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An odyssey at odds with its predecessors
on 18 January 2005
As the book's title suggests, this is an odyssey through time rather than space. The authors point out that their goal was to create a companion to 2001 and its sequels, starting out with a similar premise but developing things at 90 degrees, so to speak. They've succeeded, but they've also fallen short of the original.
Like 2001, the scope of this first book ranges from the dawn of man to a time when humans live on the moon. Yet Clarke's penchant for mysticism that was evident in 2001 or Childhood's End has given way to a more concrete treatment of peoples and practices. As a result, the book seems to have lost its heart. Without giving too much of the plot away, the use of some very famous historical characters seems painfully contrived. The writers seem to have recognised this, and characters within the novel speculate on the ludicrous coincidences involved. Maybe a reason for the contrivance wll become apparent in the following books, maybe not; talk about hedging your bets!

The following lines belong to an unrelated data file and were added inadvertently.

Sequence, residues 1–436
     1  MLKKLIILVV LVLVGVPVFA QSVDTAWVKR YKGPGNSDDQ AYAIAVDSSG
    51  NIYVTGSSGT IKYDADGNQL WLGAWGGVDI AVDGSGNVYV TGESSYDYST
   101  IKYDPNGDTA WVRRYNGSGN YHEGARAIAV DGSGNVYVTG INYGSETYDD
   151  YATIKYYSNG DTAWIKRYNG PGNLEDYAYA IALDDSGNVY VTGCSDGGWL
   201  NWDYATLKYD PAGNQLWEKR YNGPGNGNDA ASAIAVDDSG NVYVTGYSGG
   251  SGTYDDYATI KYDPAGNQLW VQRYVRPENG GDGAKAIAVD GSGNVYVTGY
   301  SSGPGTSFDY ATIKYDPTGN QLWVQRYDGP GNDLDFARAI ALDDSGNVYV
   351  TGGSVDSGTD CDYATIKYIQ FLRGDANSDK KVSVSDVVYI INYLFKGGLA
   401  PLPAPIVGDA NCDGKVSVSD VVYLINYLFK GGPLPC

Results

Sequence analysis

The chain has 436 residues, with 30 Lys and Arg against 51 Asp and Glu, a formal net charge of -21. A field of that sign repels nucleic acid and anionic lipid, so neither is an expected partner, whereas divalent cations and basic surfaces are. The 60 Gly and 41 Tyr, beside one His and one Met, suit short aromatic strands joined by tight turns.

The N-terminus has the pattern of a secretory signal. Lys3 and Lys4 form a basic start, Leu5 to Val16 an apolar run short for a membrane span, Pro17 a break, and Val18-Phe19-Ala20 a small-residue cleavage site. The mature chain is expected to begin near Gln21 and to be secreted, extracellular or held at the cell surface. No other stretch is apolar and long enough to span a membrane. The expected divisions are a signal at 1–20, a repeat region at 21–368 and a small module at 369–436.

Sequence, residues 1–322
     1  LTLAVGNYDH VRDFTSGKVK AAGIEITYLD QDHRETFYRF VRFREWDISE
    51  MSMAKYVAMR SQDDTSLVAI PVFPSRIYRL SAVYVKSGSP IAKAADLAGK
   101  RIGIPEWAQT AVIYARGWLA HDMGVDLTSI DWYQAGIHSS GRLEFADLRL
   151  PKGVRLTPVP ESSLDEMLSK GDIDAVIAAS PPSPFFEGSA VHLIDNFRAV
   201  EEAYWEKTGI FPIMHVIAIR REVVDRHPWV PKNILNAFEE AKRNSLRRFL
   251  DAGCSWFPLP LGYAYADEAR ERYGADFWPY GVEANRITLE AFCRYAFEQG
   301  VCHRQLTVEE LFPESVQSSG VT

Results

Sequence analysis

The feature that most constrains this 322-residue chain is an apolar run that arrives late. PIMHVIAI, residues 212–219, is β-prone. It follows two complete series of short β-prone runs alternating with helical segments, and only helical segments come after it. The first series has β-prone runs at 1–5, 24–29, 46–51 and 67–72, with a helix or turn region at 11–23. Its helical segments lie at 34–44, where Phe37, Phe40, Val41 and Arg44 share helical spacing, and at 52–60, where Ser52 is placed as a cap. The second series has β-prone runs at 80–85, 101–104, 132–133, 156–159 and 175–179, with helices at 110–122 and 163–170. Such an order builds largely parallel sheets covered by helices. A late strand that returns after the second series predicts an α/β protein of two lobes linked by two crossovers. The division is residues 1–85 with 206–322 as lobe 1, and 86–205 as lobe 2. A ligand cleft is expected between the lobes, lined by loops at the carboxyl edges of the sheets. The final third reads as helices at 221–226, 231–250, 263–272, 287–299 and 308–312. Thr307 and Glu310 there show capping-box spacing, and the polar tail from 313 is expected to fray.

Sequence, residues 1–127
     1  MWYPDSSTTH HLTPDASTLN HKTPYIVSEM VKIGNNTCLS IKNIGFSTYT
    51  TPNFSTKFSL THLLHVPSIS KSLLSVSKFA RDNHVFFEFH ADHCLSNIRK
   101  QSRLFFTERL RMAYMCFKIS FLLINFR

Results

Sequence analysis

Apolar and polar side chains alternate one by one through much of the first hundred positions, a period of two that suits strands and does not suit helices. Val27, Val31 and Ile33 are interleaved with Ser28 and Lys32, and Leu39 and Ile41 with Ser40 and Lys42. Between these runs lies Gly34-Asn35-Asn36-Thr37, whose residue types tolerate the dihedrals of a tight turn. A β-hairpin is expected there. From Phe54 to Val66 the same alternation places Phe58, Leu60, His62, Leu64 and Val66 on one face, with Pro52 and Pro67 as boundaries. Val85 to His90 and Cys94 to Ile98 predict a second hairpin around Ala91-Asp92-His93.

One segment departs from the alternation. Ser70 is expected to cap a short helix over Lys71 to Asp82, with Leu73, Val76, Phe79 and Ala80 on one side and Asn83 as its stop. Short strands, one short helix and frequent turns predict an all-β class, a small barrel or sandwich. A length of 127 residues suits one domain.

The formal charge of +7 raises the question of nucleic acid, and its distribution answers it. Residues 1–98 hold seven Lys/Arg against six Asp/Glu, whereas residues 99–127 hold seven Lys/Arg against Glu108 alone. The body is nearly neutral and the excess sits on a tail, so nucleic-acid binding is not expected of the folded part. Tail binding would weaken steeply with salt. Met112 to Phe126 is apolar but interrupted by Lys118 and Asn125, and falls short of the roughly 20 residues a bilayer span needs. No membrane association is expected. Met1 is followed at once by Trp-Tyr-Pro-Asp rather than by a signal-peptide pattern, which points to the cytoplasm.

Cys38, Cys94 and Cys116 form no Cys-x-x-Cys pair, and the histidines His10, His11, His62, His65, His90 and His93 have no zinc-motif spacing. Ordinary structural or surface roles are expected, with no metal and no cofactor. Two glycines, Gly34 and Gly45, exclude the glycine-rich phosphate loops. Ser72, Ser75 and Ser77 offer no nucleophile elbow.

Despite the mysterious presence of the "Eyes" throughout the book, I found little or no sense of wonder in the world or events being described. There is a heavy concentration on military procedures, the impact of technology, and the geology of the planet - but this comes at the expense of the inner dialogue of the people affected by them. Considering that this isn't the first time Clarke and Baxter have written a book together (and I really enjoyed The Light of Other Days) I was surprised how little I was engaged by it.
Nevertheless, there are one or two references to the original work which fans should pick up, and the final chapter redeems things with an event worthy of Clarke's earlier work. Rather than disappointment, this left me hoping that, with the groundwork out of the way, book 2 in the series will be a much more exciting ride...